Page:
Poster Presentation

Monday, November 5, 2007
10:30 AM - 11:45 AM

Monday, November 5, 2007
1:30 PM - 2:45 PM
This presentation is part of : Scientific Posters
Evaluation of Staff Education and Activities at the Children's Nursing Home Àurora in Romania
Margaretha Zettergren, RN, RNT, MSc and Kaety Plos, PhD. Sahlgrenska Academy, Institute of Health and care Sciences, Göteborg University, Göteborg, Sweden
Learning Objective #1: The learner will be able to understand possibilities and difficulties when implementing UN:s Convention about Children’s Right in cultures not used to democratic principles.
Learning Objective #2: The learner will be able to understand the importance of supplying long lasting professional support, in order to give disabled children a life in dignity.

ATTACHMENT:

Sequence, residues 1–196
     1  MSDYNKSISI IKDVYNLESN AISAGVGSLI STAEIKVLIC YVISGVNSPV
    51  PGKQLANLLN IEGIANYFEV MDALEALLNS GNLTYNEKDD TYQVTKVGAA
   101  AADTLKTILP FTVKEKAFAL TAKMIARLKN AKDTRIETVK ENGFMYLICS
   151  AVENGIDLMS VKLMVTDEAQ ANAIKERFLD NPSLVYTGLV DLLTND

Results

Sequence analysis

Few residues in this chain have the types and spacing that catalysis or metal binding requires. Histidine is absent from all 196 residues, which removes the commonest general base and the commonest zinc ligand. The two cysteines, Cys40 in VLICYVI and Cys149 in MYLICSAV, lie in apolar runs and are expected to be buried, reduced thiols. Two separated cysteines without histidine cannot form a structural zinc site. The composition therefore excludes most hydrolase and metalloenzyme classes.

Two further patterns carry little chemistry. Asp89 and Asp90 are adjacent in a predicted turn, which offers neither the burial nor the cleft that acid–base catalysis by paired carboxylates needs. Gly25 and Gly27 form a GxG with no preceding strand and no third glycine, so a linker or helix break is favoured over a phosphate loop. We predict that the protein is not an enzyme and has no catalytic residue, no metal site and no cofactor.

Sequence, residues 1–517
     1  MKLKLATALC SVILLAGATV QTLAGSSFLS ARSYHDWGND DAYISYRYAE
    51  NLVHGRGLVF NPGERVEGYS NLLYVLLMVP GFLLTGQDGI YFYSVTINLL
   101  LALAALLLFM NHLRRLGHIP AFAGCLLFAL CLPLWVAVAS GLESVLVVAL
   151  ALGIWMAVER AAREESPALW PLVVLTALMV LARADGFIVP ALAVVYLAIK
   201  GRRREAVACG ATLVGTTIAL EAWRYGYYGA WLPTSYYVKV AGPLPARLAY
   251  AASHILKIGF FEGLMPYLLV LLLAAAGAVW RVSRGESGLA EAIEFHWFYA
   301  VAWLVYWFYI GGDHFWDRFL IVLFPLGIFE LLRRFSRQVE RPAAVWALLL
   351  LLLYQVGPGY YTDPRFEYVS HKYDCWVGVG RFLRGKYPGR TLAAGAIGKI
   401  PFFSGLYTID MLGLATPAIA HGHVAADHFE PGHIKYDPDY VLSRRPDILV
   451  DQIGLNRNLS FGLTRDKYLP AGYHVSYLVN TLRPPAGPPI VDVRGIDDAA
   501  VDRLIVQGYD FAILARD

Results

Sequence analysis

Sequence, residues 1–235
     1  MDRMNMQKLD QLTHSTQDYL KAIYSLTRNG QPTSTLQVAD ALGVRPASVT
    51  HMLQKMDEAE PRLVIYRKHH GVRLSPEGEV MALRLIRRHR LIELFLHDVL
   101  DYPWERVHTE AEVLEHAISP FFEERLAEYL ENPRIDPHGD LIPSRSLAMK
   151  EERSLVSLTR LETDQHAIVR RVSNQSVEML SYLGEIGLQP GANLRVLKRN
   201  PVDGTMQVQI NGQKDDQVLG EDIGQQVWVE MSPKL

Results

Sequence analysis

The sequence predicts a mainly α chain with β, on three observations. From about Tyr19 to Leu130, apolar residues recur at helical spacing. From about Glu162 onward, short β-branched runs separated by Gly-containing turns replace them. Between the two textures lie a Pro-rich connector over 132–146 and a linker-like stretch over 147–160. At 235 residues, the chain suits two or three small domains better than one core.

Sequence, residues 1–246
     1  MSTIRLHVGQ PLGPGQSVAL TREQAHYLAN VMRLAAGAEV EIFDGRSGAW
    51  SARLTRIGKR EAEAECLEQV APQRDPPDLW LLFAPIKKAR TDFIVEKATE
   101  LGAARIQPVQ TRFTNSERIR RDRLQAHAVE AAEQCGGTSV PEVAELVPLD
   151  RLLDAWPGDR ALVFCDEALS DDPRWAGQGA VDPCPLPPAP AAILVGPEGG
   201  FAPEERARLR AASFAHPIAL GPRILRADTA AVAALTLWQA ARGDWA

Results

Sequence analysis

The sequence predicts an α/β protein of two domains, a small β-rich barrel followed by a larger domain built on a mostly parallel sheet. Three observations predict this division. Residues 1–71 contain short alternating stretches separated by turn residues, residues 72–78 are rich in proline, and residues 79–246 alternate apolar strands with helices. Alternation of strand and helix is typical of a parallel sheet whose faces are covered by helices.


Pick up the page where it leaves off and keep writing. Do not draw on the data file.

A children´s nursing home ‘Aurora’ was established in Romania two years after the fall of dictator Ceausescus, following a governmental request for assistance. The home was started by a group of Swedish volunteers. The children (n=16) were between two and five years old and came from a hospital. They had delays in physical growth and in social, behavioural and cognitive domains. Education of the staff was given intermittently by Swedish nurse tutors during 1991 – 2004. With the aim to describe the effects of instruction and tuition given to the staff (n=25) of the nursing home, questionnaires with quantitative as well as qualitative components was used. The questions were categorized in the following three groups: 1) the education, 2) attitudes toward disabled children, and 3) administration and co-determination/democratization. The participants scored satisfaction with the education as high, considered their attitude toward disabled children to have improved appreciably, but expressed difficulties and doubts regarding being part of an organization built on democratic principles. However, the participants considered that trust and attitudes regarding democratic principles are likely to be achieved over a longer period of time. Patience and continuous support towards the staff are needed, especially to those in leading positions